Sunrise singers bring smiles to residents at Sandrock Ridge
Fourth- and fifth-graders spread holiday cheer
December 9, 2009
Craig — There are times Betty Rice can be as sad as anyone else.
She's been in a wheelchair and within the walls of Sandrock Ridge Care & Rehab for four years with an uncontrollable form of diabetes.
At 59, she probably will remain at the facility for the rest of her life.
But Tuesday was one of the days she looks forward to all year.
As 25 Sunset Elementary School students, each dressed in bright tie-dyed T-shirts, launched into "Jingle Bells," Rice couldn't contain her smile.
She clapped and mouthed the words along with the children as they sang a medley of Christmas carols to Rice and other Sandrock Ridge residents.
"I'd give anything if we could just give them back a quarter of what they give to us," she said.
"They are just such a joy. Such happiness."
For about five years, the Sunrise Singers, made up of fourth- and fifth-graders from Sunset, have made trips around town to brighten the holiday season for the Craig community.
Early on Tuesday, they traveled to the Moffat County School Administration Building to sing to a preschool class before heading to Sandrock Ridge after school.
Mary Gillingham, activities director at the care facility, said the annual performance is invaluable to the residents' quality of life.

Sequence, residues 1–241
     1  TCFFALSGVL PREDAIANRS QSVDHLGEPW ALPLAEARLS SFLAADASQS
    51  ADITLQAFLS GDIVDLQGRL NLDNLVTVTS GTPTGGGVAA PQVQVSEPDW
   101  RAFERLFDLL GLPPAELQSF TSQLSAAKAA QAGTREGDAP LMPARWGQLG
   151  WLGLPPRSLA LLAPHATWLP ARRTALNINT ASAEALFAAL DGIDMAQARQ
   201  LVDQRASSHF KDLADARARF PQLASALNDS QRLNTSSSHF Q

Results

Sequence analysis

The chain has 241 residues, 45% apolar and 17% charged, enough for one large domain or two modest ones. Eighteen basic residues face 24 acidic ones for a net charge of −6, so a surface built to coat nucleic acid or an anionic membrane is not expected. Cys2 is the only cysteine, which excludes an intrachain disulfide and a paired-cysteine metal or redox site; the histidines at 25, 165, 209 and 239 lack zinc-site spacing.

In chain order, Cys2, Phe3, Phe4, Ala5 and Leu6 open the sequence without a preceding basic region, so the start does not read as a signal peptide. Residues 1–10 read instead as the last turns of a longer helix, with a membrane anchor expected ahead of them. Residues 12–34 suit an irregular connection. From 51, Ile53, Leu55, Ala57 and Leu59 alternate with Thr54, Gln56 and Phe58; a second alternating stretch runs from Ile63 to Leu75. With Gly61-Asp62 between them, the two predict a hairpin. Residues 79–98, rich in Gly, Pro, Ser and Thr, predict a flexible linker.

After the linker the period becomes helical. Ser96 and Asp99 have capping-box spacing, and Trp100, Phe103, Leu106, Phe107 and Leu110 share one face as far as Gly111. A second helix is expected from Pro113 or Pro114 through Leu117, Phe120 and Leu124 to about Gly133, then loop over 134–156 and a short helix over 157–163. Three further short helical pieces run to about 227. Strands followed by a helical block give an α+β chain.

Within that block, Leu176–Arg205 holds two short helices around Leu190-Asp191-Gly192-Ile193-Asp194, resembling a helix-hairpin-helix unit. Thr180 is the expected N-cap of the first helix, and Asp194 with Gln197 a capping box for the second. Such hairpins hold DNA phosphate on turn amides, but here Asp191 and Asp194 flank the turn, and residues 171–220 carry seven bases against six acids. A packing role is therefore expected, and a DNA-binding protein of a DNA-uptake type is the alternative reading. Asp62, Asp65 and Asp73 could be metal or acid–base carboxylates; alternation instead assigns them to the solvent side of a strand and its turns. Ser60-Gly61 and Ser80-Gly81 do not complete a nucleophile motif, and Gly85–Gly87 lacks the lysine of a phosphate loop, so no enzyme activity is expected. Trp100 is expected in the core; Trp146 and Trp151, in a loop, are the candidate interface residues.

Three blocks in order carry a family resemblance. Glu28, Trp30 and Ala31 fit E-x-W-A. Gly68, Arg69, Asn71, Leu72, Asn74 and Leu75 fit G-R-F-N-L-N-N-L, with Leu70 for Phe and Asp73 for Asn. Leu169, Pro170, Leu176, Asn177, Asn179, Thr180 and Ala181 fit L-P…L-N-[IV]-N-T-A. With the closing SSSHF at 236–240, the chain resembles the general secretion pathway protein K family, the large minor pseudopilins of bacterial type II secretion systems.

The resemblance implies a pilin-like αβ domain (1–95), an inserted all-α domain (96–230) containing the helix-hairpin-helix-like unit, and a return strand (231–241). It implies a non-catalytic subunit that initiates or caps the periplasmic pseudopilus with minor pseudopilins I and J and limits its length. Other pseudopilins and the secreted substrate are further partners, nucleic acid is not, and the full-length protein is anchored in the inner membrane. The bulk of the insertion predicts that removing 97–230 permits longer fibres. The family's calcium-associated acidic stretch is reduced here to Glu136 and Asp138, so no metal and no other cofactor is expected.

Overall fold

Gillingham said she saw one of her patients, a 101-year-old, tapping her hand on the table next to her to the beat of "Jolly Old St. Nick."
"It's good for the kids and good for the residents," Gillingham said. "It's a good exchange between generations."
She said most of her residents love children and that the opportunity to have them visit, like they do every Halloween and Christmas, brightens their holidays.
For Rice, the joy of the experience was written on her face when the students stepped off the risers and walked through the crowd to wish the residents Merry Christmas and shake their hands.
As one boy approached her, Rice leaned forward and clasped his hand with both of hers.
"You just sang so beautifully," she told him. "And you put in so much work."
The boy smiled at her and wished her a Merry Christmas.
"Merry Christmas," she replied, still grinning.
She said after four years at Sandrock Ridge, she sometimes misses being out in public. She misses seeing children of the community out in their element.
When the children travel to her, it warms her heart, she said.
"It reminds us what Christmas is about," she said. "It's about the youth."
One of her sons is in the U.S. Army and has been stationed in Iraq. She hopes he will one day return to share another Christmas with the rest of the family and bring his 12-year-old daughter along with him.
Until then, the bright faces of the Sunrise Singers, swaying, clapping and shaking sleigh bells along with classic carols, will be enough.
"It reminds you that it's a joy to be alive," she said. "I'm just so glad to be here."